The Mountain Area California Highway Patrol is saying good-bye this Christmas to one of its own.
Sergeant Edward Greene will be retiring from the CHP Thursday, Dec. 26, after 30 years of service and duty.
The 52-year-old husband, and father of three, has spent the last 30 years of his life serving and protecting people on California roads. Now he looks forward to spending time with his family, vacationing and getting things done around the house.
Greene started his career working as a reserve officer at the Marina Department of Public Safety and as a volunteer firefighter before being hired by the Sheriff's Department in Santa Clara.
Greene's first job with the CHP came following his graduated from Monterey Peninsula College and the Galvin Police Academy in Gilroy. Greene was hired by the California Highway Patrol in 1984 to work in Monterey.
Following years in Monterey, Greene ventured out to the Santa Fe Springs division then the Fresno division, back to Santa Fe, before finding his niche in Mariposa and his permanent residence in Oakhurst.
Greene says he has always enjoyed working as a CHP officer and couldn't imagine himself doing anything else.
"I worked a graveyard shift at night and I always enjoyed that because all the things that happen at night. All the criminal elements come out at night," Greene said.
One of Greene's most memorable moments while working for the CHP came in 1996 while working in Santa Fe Springs.
Greene says he responded to a call of a potential suicide on an overpass located over Interstate 605. According to Greene, a young lady was on the verge of committing suicide by jumping off a bridge into oncoming traffic. Upon arriving on scene officer Greene realized the women had second thoughts and was more scared than suicidal enticing officer Greene to scale the cat walk and stand with her on a 50-foot ledge while waiting for assistance to get down safely.
Greene says he was petrified with fear at some points and was balancing on a ledge that easily could have killed him if he fell. Greene said although he was nervous he maintained his composure for the sake of the victim and ensured the women she would be safe prior to firefighters showing up with a latter.
Greene says the most memorable part of the whole event was when he was told that he was video tapped throughout the entire incident and the tape had been leaked to the media.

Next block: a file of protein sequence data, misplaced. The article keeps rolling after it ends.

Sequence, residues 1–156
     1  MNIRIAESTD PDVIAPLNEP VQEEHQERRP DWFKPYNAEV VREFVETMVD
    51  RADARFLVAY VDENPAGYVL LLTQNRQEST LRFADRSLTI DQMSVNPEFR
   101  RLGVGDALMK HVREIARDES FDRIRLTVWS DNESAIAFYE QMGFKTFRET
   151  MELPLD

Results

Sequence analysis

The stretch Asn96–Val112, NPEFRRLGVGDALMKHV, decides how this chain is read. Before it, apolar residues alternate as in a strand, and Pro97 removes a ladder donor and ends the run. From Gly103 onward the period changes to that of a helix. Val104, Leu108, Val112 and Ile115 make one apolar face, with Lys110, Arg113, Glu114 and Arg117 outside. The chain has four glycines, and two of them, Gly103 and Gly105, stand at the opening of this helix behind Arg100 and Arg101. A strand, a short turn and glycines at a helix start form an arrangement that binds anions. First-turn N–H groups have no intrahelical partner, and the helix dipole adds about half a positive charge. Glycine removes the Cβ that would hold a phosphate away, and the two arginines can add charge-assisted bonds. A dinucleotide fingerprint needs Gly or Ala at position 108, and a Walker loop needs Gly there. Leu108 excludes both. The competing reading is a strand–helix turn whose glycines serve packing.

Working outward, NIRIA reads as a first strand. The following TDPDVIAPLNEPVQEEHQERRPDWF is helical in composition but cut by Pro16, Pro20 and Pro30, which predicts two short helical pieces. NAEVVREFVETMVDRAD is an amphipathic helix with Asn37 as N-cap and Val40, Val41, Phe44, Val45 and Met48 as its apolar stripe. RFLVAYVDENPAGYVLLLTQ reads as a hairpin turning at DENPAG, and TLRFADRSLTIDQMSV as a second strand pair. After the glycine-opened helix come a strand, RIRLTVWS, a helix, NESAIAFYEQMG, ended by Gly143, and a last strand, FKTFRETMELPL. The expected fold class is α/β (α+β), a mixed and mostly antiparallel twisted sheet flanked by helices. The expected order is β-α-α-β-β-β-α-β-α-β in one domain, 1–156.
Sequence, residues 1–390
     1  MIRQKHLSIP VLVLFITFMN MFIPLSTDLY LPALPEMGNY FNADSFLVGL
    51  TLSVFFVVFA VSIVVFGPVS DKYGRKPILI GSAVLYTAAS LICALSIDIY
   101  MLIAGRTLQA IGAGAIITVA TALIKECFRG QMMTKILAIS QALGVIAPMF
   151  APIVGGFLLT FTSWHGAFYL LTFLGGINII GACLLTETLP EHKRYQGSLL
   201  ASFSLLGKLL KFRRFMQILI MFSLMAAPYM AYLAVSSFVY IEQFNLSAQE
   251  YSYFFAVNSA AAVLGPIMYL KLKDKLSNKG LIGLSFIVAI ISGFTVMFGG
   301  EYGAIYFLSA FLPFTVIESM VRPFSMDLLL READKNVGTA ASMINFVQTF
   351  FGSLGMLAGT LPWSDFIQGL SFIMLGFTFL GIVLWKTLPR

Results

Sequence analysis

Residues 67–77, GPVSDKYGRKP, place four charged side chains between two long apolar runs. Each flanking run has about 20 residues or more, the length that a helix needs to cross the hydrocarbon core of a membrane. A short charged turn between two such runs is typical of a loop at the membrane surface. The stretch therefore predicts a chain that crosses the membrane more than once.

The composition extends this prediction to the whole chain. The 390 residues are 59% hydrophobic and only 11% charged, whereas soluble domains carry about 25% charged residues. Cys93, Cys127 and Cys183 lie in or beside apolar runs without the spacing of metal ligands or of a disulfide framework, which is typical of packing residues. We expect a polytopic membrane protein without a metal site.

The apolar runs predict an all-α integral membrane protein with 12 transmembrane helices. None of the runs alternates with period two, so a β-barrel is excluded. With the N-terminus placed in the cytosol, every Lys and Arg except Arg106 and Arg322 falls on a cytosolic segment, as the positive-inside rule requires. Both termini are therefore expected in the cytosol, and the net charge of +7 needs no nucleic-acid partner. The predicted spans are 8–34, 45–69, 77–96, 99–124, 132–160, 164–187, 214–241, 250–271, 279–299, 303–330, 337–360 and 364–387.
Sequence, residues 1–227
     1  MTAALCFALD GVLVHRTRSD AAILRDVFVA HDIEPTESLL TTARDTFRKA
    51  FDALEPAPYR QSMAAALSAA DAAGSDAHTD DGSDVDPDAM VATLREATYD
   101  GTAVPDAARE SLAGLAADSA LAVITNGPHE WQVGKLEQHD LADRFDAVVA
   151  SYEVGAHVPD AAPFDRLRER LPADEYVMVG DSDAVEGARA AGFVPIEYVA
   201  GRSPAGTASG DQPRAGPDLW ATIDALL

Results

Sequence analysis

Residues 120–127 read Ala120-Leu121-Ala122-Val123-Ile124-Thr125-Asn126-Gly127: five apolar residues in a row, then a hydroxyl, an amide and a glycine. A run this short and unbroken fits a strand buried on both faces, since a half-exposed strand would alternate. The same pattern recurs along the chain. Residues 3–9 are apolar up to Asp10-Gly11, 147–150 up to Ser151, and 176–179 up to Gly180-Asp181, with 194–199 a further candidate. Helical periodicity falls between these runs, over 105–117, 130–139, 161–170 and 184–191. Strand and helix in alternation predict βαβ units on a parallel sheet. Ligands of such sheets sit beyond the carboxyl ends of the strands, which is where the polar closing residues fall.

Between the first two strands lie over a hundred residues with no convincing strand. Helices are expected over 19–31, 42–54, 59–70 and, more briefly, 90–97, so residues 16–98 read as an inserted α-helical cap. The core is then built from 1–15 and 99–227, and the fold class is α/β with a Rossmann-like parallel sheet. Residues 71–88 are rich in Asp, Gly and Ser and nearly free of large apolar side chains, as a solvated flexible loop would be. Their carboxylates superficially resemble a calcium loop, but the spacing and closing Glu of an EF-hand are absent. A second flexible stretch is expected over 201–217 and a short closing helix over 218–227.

Soon Greene found himself a celebrity all over the news stations and all across the state and being asked to answer questions to the media in regards to the life-saving circumstances.
Several years later, in 1999, Greene was awarded for his efforts and received the Medal of Valor one of the departments highest honors for his courageous a selfless act.
Greene has seen it all when it comes to the job but would never take back his decision to become a CHP. He has lost several friends including a close fiend who was shot dead by a gang member while leaving a courthouse in Pomona.
Greene, who is set to retire in just a few days, says he is excited about his retirement but above all will miss the camaraderie and connection he had with all the officers and service men and women he had the pleasure of working with.
"I'm going to miss the people I work with, the officers that I worked with. They know what they're doing and they know what I needed to do as a scene manager," Greene said. "I will miss just talking to them, giving them direction and advice. It's the camaraderie. Not only with CHP officers but with all ally officers...you see these guys at the scene and then you see them at the grocery store. Just working with the officers and all the allied agencies...I am really going to miss that."
Greene considers himself a community man and pledged that he worked for the community more than anyone else. Greene said he felt an obligation to be the best officer he could be.
"People think we give out tickets and do all the bad things...we do so much more that people do not realize. We do a lot of public service and assist the public including breakdowns, road closures and making driving condition safe for everyone."
Now that he is retired Greene stated he plans to stay in Oakhurst and enjoy the community he helped to protect.
"I love the community here, there are a lot of people here you can relate too. A lot of people came from areas I worked, like Southern California Monterey, and it's amazing to see these people from all over cause I am familiar with the areas they came from."
Greene's first order of business is to keep himself out of trouble with his wife by helping with little projects in and around the house.
"I love fishing and look forward to spending time doing that and doing things for my wife. She has a long list of things for me to do around the property." Greene said. "I have not had time to do the things I have wanted to do and I am going to take this time to get to those things."
Upon retirement Greene plans to spend time with his 10-year-old daughter by involving himself more with her 4-H and Girl Scouts troop, and plans to spend more time with his two sons and traveling the nation.
"I have my eye on Yellowstone and the a Grand Canyon. I want to see it in the winter, I want to see the bison coming by and I want to see it covered in snow. I've spent most of my life working and I am looking forward to doing what I want to do....not having to check in, get up at a certain hour etc. Just enjoy not having any worries about work or the next call."
Whatever Greene plans to do with his spare time he will be greatly missed by the men and women he has worked with and protected throughout the years.